Another great London institution is the Victoria and Albert Museum. Very close to Harrods and almost as large, this museum is dedicated to the applied arts and displays examples of items from textiles to statuary from ancient civilizations to modern times. The current special exhibition focus' on Surrealism and its practical applications. "Surreal Things::Surrealism and Design" does not dwell on the anarchistic writing and ideology of the movement, instead it presents the visitor with examples of how this artistic movement found its way into ballet, interior design, fashion and jewelry. It is a superbly curated show and a fresh and fascinating look at a subject that has been thoroughly explored in recent years.

If you've never visited the Courtauld Institute of Art Gallery on the Strand, you've missed something fabulous. Founded in 1932 by Samuel Courtauld and some like-minded souls as an institution dedicated to training future professional art historians, this gallery also serves to present Mr Courtauld's superb collection of French Impressionist and Post-Impressionist art in magnificent surroundings. Such masterpieces as Renoir's "La Loge", Van Gogh's "Self Portrait with a Bandaged Ear" and a group of Cézanne's that will knock your socks off, are all on display. A brand new special exhibition is "The Temptation in Eden" a group of prints, drawings and oil paintings by Lucas Cranach (1472-1553) and some of his contemporaries. The centerpiece is "Adam and Eve", painted in 1526 and as magnificent and pertinent today as the day it was created. It was hard to tear away from this stunning work of art.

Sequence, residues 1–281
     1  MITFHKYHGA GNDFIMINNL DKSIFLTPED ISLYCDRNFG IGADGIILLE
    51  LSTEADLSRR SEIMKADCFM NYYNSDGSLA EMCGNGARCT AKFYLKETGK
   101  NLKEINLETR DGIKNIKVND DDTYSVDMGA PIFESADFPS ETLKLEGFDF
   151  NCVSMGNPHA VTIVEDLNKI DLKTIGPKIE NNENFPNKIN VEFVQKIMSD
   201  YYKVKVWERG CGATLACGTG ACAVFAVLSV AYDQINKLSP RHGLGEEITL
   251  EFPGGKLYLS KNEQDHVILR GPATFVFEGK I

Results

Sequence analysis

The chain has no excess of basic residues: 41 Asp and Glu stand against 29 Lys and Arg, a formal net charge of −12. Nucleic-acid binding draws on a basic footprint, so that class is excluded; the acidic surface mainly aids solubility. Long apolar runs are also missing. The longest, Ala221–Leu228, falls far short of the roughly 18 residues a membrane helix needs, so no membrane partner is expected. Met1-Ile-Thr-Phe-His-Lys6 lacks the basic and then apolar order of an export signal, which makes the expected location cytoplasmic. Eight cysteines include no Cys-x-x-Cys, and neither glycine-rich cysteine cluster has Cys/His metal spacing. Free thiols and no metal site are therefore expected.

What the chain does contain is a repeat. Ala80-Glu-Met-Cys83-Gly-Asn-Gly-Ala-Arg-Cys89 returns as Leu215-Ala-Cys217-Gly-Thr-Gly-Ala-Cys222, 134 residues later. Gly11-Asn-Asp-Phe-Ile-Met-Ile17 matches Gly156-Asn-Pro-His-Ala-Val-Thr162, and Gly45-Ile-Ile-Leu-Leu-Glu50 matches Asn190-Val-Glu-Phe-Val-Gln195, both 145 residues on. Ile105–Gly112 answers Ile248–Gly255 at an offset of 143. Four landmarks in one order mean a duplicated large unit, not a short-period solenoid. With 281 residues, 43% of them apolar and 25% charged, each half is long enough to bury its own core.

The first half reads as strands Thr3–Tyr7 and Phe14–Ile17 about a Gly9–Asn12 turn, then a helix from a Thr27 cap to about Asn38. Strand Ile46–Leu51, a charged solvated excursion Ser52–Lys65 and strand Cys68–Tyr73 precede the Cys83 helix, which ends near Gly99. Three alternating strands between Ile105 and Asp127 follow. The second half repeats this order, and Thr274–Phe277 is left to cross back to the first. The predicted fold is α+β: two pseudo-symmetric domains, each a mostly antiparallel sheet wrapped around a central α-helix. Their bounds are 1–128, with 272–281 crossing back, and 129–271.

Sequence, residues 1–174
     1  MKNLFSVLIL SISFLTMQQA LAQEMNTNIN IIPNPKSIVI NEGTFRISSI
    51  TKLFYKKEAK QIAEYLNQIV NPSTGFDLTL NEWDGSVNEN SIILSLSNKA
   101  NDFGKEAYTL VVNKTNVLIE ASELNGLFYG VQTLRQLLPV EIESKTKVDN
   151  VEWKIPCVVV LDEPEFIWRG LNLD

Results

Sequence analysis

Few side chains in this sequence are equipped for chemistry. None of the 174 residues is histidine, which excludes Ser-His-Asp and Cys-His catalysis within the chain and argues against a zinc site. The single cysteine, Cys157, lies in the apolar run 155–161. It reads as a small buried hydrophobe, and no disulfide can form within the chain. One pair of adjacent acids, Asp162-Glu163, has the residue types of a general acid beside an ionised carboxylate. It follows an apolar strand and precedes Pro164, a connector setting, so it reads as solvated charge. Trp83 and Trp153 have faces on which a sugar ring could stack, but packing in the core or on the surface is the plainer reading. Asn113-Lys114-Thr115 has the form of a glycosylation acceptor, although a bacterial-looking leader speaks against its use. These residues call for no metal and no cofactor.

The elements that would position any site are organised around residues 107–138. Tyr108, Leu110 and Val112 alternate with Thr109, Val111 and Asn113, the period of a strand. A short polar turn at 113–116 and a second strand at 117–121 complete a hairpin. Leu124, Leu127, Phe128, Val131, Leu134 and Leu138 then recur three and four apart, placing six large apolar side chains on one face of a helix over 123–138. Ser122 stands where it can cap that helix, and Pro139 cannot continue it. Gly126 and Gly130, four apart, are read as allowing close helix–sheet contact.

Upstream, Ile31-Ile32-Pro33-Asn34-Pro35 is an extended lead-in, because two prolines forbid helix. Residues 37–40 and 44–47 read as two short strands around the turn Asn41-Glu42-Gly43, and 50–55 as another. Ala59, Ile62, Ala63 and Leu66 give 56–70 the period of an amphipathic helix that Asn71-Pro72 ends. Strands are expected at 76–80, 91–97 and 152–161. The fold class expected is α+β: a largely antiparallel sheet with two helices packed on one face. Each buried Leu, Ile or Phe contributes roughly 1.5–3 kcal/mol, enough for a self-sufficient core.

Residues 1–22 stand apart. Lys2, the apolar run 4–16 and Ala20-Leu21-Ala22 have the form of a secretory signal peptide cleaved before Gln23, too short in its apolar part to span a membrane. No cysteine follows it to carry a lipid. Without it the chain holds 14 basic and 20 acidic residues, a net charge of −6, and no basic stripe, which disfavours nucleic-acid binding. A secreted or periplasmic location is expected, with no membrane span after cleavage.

The theater scene is thriving in the West End, and tonight's tickets are for "The Lord of the Rings". It has just opened to rather mixed reviews, but should be very entertaining if nothing else. Then it's on to new adventures on the high seas! The Queen Mary 2 leaves Southampton tomorrow afternoon and I plan to be aboard! Next stop, New York Harbor, with 6 days Transatlantic in between! Anchors away!

June 21, 2007

Bonjour from Paris!

The view from my window, looking West